Just down the hall in Cassell Coliseum, Hite and the other eight football coaches were trying to contact more than 100 players, including walk-ons and managers. Hokies coach Frank Beamer directed each of his assistants to locate the players at his respective position. Hite was responsible for locating 14 running backs and fullbacks.
"That was the thing that was so scary, that the circuits were busy and you couldn't get through to anybody," Hite said Wednesday.
For more than an hour, Hite frantically made phone calls. At 12:30 p.m., athletics director Jim Weaver evacuated Cassell Coliseum and Merryman Athletic Center, which is adjacent to the school's basketball arena. The coaches continued to make calls from their homes and cell phones.
By late afternoon Monday, Hite had contacted each of his players, or someone else who had talked to a player. By early evening, the coaching staff had located all of the football players.
"I never dreamed something like this would happen here," said Hite, who has been a Virginia Tech assistant since 1978. "It's a complete shock. If I've said it once, I've said it 1,000 times -- this is the safest place in America. I still believe that."
But the tranquility of the Virginia Tech campus was transformed into scenes of carnage Monday morning. Reid, a sophomore from Martinsville, Va., was leaving a football position meeting that began at 7:15 a.m. Monday. As Reid approached a building near Norris Hall, he saw six police officers wearing SWAT gear emerge from the bushes and run toward Norris Hall.
"They were carrying M-16s and pump guns," Reid said. "I turned around and ran the other way."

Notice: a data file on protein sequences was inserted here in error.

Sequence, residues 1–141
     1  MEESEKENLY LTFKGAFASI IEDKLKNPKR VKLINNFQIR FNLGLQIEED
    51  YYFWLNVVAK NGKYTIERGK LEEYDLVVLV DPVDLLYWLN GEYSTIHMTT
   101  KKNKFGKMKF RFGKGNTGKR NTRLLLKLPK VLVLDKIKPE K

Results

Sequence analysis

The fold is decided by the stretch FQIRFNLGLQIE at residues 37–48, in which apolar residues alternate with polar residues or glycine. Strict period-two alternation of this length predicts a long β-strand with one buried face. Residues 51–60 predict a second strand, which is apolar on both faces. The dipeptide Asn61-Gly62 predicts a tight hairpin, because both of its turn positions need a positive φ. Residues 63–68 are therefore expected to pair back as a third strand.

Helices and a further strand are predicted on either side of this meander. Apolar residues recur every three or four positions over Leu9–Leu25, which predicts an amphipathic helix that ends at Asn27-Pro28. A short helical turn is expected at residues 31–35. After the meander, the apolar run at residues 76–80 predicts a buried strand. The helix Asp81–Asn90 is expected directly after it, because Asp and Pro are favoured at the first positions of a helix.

Reid said he made his way toward another campus building, where he found backup quarterback Ike Whitaker watching the events unfold through a window. Eventually, police evacuated the building, and Reid ran through the drill field on campus to his car. He drove to his off-campus apartment and called his mother to tell her he was OK.
Frye, a starting offensive lineman last season, was working out in the weight room as he continued preparations for the NFL draft. He knew nothing about the tragic events unfolding around him.
"I had no idea," Frye said. "I came right down the street and it was kind of quiet."
When Frye later learned what had taken place, his first concern was for his teammates and close friends.
"It's just crazy," Frye said. "We're still trying to get a grasp of what took place."
Greenberg knows the healing has just begun. His family learned Tuesday that one of the deceased victims attended high school with his daughter. Another victim was a member of Kappa Kappa Gamma sorority, where his wife volunteers as an adviser.
Hokies starting quarterback Sean Glennon attended high school with the killer -- Glennon told reporters he didn't know Cho -- as well as two of the students who were fatally shot.
"This situation puts things into perspective when it happens so close," Hite said. "We were talking about the game of football, and this is the game of life."
Mark Schlabach covers college football and men's college basketball for ESPN.com. You can contact him at firstname.lastname@example.org.